ILSOYADVISOR POST

Which Nutrient Does Your Soybean Crop Crave?

What is the most important nutrient for a soybean crop? Depending on who you ask, potassium, nitrogen or manganese might be the answers you receive, but it is really a trick question. There are 17 nutrients required by plants to carry out the essential biological functions that ultimately lead to a harvestable crop. While they are required in different amounts, your soybean crop craves them all. 

Essential nutrients include those that we think about frequently, like nitrogen, as well as micronutrients, including nickel, that are required in such miniscule amounts that we rarely consider supplying them as a fertilizer. Perhaps the better question to consider is, what is one of the most commonly overlooked nutrients that can make the difference between an average or an outstanding soybean yield? Although sulfur is increasingly common in corn fertility programs, it is just as important for a high yielding soybean crop.

What is the role of sulfur?
Plants, animals and humans would not be the same without proteins, one of the basic building blocks of life. In addition to being the machinery that enables biology, protein is also one of the main reasons why we grow soybeans. Nitrogen and sulfur are two key ingredients required to make proteins. Soybean plants do a great job of acquiring at least some of their nitrogen from symbiotic fixation with Rhizobia bacteria, but sulfur must be acquired from organic matter or from applied fertilizer.

How much sulfur does a soybean crop require?
Understanding how much sulfur is required to produce a bushel of soybeans ultimately helps design a fertilizer program to target the needs of a high yielding crop. In 2012 and 2013 Dr. Fred Below and his graduate students at the University of Illinois measured the uptake and partitioning of sulfur in soybean fields located near DeKalb and Champaign (Bender et al., 2015). Their study found that a 60 bu/A crop required approximately 17 pounds of sulfur in the plant at harvest, of which 10 pounds (59%) was removed with the grain.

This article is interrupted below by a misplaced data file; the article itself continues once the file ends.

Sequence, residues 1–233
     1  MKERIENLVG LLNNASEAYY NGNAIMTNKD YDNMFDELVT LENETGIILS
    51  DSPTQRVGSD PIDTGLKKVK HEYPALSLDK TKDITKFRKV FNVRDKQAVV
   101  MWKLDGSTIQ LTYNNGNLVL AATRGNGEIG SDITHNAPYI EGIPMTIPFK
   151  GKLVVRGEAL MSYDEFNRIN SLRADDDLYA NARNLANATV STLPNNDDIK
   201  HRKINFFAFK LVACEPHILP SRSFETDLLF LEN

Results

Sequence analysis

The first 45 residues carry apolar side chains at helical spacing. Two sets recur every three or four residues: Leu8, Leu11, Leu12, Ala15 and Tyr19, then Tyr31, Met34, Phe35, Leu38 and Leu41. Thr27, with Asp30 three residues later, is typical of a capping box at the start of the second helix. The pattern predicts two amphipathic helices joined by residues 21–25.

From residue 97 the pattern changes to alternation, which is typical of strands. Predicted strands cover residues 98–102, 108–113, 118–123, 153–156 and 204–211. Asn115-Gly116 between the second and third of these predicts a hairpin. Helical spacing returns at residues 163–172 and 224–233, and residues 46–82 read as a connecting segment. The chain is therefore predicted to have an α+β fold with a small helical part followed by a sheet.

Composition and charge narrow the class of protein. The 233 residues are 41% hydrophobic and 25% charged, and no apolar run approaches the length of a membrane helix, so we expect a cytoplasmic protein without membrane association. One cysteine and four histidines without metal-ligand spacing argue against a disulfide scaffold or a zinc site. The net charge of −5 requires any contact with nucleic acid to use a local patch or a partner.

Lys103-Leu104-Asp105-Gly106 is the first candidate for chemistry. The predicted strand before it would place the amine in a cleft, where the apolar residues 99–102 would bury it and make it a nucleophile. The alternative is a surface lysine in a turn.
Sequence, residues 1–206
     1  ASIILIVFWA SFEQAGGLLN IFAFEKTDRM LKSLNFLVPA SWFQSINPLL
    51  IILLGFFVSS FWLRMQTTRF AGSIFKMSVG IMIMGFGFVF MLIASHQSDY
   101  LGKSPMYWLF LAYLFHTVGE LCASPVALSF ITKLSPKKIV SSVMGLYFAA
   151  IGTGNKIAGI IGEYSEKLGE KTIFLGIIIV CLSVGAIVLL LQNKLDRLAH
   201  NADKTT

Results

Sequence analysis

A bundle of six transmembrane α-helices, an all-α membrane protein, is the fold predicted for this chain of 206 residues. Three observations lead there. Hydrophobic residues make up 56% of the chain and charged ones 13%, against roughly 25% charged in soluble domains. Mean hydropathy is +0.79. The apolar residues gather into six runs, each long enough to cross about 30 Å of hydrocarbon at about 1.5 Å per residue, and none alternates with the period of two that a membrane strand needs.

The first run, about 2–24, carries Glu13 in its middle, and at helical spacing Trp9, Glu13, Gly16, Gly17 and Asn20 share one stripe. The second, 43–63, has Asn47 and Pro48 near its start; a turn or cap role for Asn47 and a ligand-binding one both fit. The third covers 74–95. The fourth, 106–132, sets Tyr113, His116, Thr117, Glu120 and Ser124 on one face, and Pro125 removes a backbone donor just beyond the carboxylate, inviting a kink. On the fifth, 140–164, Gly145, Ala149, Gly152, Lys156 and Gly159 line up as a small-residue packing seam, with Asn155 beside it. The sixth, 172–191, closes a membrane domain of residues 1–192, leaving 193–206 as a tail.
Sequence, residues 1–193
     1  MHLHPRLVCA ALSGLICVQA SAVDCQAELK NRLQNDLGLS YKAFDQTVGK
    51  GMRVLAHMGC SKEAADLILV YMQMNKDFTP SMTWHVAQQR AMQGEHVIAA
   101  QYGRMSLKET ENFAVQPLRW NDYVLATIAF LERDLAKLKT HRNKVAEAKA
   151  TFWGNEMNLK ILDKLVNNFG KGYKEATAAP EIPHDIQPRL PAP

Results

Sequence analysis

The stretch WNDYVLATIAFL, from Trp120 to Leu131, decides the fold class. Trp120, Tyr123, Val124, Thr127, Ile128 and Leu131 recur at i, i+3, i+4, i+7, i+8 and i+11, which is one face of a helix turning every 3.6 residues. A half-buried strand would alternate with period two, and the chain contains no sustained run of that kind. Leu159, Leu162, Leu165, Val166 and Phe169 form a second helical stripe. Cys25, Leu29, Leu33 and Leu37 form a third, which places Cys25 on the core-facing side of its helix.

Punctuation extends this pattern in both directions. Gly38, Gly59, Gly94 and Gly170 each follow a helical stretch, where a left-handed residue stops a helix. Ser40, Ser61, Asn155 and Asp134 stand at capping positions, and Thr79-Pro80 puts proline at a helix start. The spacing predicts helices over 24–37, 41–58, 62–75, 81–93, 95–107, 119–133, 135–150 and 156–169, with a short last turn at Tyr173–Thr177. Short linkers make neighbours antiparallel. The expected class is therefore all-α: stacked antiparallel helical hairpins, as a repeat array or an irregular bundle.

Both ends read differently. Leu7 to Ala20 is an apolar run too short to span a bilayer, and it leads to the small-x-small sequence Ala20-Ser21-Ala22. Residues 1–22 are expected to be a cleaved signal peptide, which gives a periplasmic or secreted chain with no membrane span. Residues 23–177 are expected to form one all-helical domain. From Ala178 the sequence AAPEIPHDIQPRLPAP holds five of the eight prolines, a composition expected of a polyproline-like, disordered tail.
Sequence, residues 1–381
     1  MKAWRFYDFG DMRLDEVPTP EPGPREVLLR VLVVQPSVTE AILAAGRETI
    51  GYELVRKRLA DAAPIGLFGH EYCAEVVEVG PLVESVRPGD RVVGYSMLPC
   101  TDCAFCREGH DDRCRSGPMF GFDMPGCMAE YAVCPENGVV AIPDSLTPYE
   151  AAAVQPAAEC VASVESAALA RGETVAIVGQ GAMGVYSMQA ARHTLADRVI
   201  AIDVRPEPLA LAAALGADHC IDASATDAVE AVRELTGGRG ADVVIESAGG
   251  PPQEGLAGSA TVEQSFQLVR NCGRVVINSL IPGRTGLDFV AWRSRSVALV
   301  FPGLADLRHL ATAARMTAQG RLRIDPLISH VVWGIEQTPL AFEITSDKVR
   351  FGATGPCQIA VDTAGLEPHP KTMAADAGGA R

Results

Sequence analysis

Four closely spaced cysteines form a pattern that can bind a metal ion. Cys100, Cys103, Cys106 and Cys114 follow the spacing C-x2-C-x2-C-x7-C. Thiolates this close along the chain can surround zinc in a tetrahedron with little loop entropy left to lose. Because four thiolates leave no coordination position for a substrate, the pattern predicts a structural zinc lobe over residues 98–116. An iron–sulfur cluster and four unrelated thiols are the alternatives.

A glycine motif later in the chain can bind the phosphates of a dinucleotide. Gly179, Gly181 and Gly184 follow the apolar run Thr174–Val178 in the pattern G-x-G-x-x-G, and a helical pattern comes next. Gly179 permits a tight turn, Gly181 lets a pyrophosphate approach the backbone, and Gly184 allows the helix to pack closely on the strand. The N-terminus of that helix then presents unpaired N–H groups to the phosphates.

In other words, for every bushel produced, approximately 0.28 pounds of sulfur were taken up by the plant. If you are striving for 100-bushel soybeans, nearly 30 pounds of sulfur needs to be present and available for plant uptake.

How much sulfur does the soil provide?
Sulfur is found in organic matter, and like nitrogen must mineralize (convert from organic to sulfate form) to become available for plant uptake. It is difficult to predict sulfur mineralization each year, but the University of Minnesota (Kaiser and Vetsch, 2020) suggests that three to five pounds of sulfur are released per year for each percentage point of soil organic matter. As a result, a representative central Illinois soil with approximately 3.5% organic matter might provide somewhere between 10.5 and 17.5 pounds of sulfur each season. Seventeen pounds of sulfur is adequate for the previously mentioned 60 bushel example, but is not likely to be adequate for higher yield goals. What can we do to supply the remaining sulfur?

Sulfur fertilizer sources and crop availability
There are several dry and liquid sulfur fertilizer options to consider, but the timing of when sulfur becomes available to the crop should also be considered. On the dry side, elemental sulfur (90% sulfur) is commonly available and cost effective but takes time to oxidize and become available in the sulfate form. Estimates of availability during the first season following application vary, but I take a conservative approach and suggest that no more than 25% of the applied sulfur is available during the first growing season. Ammonium sulfate (24% sulfur) is another great option to consider because the sulfur is immediately available to the crop as sulfate. The downside is that sulfate is readily lost through leaching, so spring broadcast applications are best if using ammonium sulfate. There is no need to worry about the nitrogen contained within ammonium sulfate. At the application rates likely used, based on sulfur need, the amount of nitrogen applied is not likely to negatively impact nodulation. The supplemental nitrogen might actually be a benefit, especially in high residue situations where early season soil nitrogen immobilization occurs. There are fewer options to consider on the liquid side, but ammonium thiosulfate (ATS) is widely available and can be included as a spring broadcast application.

Do not let sulfur be the limiting factor in your sulfur fertility program
Illinois soybean growers regularly apply phosphorus and potassium to their fields, while soybeans fix a portion of their nitrogen. High yield growers are increasingly turning their attention to micronutrient applications. Sulfur, as a secondary macronutrient, should not be overlooked as part of the recipe for success. It could make the difference for your yields in 2020.

References:
Bender RR, Haegele JW, Below FE. Modern soybean varieties’ nutrient uptake patterns. Better Crops with Plant Food 2015;99:7-10.
Kaiser DE, Vetsch JA. Sulfur for Minnesota soils. 2020. URL: https://extension.umn.edu/micro-and-secondary-macronutrients/sulfur-minnesota-soils. Last accessed: 03 April 2020.


Jason Haegele

Jason Haegele is the region agronomist for WinField United in Illinois and leads WinField United’s agronomy services team for the eastern United States. Employed by WinField United for four years, Haegele was previously a research scientist with DuPont Pioneer for two years. Haegele holds a bachelor’s degree in agronomy and ag engineering from Iowa State University, a master’s in crop production and physiology also from Iowa State, and a Ph.D. in crop sciences from the University of Illinois.



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